As the meta shifted away from damage dealers and towards tanks, Cuzz, too, had to change. His trademark Kha’Zix, Elise, and Lee Sin were replaced by Zac, Sejuani, and Gragas.
The champion pool mix-up didn’t come easy.
During his first games on the new picks, Cuzz looked shaky—especially when it came down to landing Sejuani ultimates—but as the season went on, he slowly turned into a solid frontliner for his team.
Cuzz’s growth culminated in the finals against SKT T1. The match started with a sketchy top lane dive—a callback to his first series against KT—but this time, Cuzz made up for it by taking advantage of Bang’s aggression with a great bot lane gank. He wasn’t dying on the frontlines as often, and even when he did, he made sure to exhaust every option before it.
The evolution of Cuzz was even more palpable in game 2, where he identified the incoming top lane gank and came to Khan’s aid ending with a one for one trade.
In the past, he might've missed this setup, but the new Cuzz read it like a book.
Old habits die hard, though, and SKT T1 did manage to catch Cuzz in the river in game 3—a move that laid the foundation for Huni’s terrifying snowball. But in game 4 Cuzz did what all great junglers do after a loss. He adapted.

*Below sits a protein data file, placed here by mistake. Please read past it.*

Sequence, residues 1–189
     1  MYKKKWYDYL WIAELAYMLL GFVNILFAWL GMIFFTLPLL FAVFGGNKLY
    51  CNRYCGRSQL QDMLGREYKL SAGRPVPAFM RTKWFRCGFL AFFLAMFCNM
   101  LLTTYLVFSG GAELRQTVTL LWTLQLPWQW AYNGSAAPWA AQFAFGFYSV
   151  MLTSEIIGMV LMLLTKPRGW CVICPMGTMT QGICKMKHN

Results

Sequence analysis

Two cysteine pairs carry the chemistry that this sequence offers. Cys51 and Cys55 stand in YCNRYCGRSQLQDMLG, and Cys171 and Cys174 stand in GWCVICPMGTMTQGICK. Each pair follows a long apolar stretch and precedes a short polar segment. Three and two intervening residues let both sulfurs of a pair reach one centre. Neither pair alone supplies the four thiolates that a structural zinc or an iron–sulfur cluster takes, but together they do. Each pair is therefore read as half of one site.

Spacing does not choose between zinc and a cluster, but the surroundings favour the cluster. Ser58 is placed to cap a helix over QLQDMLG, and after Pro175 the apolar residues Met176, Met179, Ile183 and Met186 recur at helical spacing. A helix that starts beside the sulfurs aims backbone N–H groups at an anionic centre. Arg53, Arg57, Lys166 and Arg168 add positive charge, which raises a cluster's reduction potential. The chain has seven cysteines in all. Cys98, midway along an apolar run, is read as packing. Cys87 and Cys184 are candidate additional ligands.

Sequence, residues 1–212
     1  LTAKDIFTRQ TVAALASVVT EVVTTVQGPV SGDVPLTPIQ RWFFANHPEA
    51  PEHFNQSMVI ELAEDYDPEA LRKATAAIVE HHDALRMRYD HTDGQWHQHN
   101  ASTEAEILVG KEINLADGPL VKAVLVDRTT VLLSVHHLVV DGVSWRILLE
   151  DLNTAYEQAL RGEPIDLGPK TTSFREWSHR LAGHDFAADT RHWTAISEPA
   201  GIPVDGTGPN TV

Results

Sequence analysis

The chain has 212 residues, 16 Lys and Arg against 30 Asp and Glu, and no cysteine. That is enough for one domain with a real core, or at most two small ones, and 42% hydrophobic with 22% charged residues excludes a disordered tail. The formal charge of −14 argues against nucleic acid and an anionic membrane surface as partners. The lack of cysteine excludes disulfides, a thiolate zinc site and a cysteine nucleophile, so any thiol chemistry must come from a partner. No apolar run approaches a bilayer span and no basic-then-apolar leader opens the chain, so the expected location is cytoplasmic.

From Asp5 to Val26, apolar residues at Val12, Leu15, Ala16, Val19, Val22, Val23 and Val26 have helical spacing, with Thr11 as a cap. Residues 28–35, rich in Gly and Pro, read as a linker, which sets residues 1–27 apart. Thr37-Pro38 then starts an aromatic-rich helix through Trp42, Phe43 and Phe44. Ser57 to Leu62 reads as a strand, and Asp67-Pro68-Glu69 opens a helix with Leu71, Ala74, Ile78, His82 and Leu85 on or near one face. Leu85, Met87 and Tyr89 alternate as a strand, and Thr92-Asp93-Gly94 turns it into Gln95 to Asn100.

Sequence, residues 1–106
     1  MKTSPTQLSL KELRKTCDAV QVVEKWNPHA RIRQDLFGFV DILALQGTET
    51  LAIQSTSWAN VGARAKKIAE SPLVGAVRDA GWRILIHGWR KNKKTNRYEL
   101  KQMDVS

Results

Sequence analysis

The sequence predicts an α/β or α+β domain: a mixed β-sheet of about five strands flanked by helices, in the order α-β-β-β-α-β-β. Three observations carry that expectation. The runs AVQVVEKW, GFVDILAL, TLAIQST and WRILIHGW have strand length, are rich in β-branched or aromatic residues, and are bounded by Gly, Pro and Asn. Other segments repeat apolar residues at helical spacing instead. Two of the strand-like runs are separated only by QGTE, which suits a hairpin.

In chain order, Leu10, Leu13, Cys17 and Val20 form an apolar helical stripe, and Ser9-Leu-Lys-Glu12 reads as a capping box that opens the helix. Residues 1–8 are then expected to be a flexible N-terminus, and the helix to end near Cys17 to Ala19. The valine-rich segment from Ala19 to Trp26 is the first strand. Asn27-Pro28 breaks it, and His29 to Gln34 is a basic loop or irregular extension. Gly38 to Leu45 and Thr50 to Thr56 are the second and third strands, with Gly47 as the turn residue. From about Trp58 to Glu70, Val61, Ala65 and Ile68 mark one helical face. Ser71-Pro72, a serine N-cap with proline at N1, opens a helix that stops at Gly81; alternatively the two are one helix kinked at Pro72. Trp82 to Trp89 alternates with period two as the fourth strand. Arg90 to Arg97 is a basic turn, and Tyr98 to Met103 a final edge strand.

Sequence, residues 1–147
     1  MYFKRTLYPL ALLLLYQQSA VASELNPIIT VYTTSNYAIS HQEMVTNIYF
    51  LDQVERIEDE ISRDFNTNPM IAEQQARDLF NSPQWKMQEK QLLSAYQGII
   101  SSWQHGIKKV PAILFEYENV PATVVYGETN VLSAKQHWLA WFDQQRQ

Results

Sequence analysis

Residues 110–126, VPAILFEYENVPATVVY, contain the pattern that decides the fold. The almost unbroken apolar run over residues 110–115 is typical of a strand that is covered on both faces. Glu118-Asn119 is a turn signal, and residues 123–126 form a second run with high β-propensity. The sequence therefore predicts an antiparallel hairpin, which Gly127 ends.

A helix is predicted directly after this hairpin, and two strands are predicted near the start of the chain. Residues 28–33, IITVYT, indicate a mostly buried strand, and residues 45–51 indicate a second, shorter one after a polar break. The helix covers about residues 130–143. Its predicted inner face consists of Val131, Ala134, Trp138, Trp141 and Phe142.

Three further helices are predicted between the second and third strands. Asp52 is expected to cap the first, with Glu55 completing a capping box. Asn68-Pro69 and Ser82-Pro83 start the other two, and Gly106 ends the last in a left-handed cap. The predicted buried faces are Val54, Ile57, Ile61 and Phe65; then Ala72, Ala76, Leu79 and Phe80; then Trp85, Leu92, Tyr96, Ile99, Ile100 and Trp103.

Huni was clearly a problem in the previous game, but now that he was on Cho’Gath and Khan was on Jayce, Cuzz had all the tools he needed to turn SKT’s top laner into a glorified cannon minion.
And that’s exactly what he did.
With one gank after another, Cuzz dismantled Huni and set Khan up for one of the best Jayce games in League of Legends history. The ragtag lineup of Longzhu Gaming took down the reigning champions in an explosive 3-1 victory. And Cuzz was, finally, a significant part of it.
Igniting the Fire
Coming into the 2017 World Championship, Cuzz still has his problems. A single season isn’t enough to turn a rookie into a powerhouse, and Cuzz can get reckless with invades, overstep his limits in teamfights, and miss key smite steals.
But he’s also shown that he can improve, and that he’s more than willing to pull the trigger and sacrifice himself as long as his death lets his teammates shine.
That makes Cuzz the perfect shadow to Longzhu’s flame.